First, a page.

For mothers, lack of sleep is second nature and comes with the territory, but it’s probably affecting you in more ways that you know and there are some things you can do to ensure the sleep you do get is of good quality and helping you re-charge. Sleep is one of these subjects that everyone knows a little about, but seldom do I see this knowledge ever put into practice. Did you know you can die quicker from lack of sleep than you can from lack of water?
Here is what happens to your body and brain as you decrease your sleep:
- Decrease in alertness (missing 1-2 hours will have an impact)
- A lack of sleep will affect how you process and remember basic information
- It will make you feel moody and you will more likely move toward a conflict state of mind, making you more stressed
- You’ll find it hard to exercise, which in turn will have an affect on your mood all over again
- Accidents! Driving tired has accounted for numerous accidents and fatalities. Your ability to react is significantly reduced.
The above problems are only on short-term sleep, if you continue to operate without the proper amount of sleep you will start to see more long-term problems and sometimes serious health problems such as high blood pressure, obesity, depression. It can also lead to premature wrinkling, dark circles under your eyes…it also tends to increase the stress hormone, cortisol, within the body, thus making recovery harder.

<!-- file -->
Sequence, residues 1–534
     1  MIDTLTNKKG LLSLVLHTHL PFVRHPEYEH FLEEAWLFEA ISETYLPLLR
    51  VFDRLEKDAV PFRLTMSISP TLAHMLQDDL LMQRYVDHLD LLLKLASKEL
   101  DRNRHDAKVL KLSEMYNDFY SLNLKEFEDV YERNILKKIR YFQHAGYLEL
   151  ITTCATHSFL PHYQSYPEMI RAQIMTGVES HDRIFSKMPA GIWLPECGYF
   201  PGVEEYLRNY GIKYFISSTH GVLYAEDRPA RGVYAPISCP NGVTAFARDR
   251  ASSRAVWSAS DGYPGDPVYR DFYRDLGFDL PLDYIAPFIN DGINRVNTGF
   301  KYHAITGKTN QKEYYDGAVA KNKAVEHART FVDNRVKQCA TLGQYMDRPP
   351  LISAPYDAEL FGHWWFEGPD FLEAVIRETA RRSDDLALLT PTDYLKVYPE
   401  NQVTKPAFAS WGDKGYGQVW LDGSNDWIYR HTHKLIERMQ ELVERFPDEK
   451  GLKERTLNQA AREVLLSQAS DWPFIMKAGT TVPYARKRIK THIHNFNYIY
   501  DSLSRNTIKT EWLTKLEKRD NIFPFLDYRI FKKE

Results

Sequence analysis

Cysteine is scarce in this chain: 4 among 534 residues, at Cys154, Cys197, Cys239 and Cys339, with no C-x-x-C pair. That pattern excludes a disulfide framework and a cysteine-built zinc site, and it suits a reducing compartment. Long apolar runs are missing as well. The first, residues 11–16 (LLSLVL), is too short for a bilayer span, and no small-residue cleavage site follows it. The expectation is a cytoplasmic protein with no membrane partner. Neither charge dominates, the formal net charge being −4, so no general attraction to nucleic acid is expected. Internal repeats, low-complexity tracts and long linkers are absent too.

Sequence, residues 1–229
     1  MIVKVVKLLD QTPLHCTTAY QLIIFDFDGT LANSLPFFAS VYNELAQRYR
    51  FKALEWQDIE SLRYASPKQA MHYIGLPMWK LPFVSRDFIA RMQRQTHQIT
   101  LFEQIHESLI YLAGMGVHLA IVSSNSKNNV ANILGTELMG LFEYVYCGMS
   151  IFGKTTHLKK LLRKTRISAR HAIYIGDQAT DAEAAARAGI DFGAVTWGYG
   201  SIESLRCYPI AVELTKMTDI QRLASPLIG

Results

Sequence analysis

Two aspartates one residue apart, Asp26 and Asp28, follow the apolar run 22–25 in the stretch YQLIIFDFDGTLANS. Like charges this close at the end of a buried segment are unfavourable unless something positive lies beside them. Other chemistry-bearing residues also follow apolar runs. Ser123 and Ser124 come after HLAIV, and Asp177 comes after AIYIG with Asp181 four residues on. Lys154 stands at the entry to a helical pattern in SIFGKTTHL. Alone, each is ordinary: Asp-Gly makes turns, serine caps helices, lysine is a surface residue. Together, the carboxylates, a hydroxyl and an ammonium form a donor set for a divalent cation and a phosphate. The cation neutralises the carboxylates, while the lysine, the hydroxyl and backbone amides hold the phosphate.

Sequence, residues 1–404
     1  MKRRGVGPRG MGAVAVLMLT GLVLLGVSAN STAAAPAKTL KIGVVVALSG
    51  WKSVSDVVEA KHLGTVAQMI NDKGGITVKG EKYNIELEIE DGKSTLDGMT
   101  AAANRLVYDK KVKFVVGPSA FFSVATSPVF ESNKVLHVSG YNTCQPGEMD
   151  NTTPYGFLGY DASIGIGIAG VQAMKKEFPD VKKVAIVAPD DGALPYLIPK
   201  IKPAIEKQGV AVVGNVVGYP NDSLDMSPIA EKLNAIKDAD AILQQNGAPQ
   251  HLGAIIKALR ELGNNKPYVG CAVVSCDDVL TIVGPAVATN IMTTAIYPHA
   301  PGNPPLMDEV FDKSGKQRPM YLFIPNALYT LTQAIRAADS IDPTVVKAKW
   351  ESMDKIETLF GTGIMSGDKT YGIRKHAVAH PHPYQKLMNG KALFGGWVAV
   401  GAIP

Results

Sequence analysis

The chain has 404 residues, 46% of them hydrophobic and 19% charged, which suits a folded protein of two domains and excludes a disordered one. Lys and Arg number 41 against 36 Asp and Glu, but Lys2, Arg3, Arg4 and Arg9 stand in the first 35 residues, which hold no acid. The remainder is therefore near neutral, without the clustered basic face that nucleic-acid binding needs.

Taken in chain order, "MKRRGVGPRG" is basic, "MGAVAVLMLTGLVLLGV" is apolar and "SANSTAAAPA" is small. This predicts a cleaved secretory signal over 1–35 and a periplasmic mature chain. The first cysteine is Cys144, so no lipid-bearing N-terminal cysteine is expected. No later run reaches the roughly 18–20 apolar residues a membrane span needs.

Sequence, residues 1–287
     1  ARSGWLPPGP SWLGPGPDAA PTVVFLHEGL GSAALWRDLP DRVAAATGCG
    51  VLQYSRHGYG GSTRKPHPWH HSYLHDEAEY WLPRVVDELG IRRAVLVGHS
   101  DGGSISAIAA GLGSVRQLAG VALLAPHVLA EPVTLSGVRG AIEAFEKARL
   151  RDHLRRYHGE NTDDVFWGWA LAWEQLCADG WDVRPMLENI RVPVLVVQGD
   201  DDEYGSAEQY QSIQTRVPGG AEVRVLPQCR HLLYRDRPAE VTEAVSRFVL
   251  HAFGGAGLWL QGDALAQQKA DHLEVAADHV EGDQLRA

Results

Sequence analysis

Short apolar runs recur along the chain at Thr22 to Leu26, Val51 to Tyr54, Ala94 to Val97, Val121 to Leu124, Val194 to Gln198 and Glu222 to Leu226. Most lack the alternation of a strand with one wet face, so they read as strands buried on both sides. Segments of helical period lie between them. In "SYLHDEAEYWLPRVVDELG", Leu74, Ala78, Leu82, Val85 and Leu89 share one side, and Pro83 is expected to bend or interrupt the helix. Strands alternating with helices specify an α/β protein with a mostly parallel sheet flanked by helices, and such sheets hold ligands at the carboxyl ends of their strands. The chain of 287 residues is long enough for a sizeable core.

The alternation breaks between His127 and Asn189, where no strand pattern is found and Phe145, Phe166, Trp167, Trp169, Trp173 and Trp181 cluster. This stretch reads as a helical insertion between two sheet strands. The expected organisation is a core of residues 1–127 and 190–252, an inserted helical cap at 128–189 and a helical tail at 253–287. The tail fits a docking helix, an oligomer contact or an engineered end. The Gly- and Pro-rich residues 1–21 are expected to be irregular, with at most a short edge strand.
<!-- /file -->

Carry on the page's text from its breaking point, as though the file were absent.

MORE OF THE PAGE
So what do we do? Of course there is a time and a place for lack of sleep, being a parent is one of those times; nothing you can do about the late-night feeds, the sleepless nights and being overtired. However, you can minimize the blow to the body and mind with these simple steps.
- Social media/LED lights – Take all the phones, computers out of your room. Artificial light will interrupt your sleep, whether you realise it or not. It will interrupt your circadian rhythm, which is how your body regulates so many of the important systems within the body. Black out your room and those few hours you get before baby wakes up, will at least be quality sleeping time.
- Naps – A 30 min nap can reverse the impact of a bad nights sleep.
- Drink more – When you’re fatigued you get dehydrated, the more water you drink the more awake you’ll feel.
- Exercise – Training boosts adrenaline levels, speeds up metabolism and will improve the way you feel.
- Get outside – Sunlight helps you battle the sleepiness, increases your vitamin D and B levels. It will improve you mood, improve you immune system and help you focus.
- Track your sleep patterns – Record your sleep every day. Self monitoring can keep you aware of how much you have or haven’t got and will allow you to make better choices based around this knowledge.
In the end the more you know about it the better informed decisions you can make day to day on how and what you do. Make some simple changes when and if your sleep patterns are being disrupted and you’ll come out the other end of it all a much more productive person!
Written by: Kev Toonen, Strength Coach & Body Science Ambassador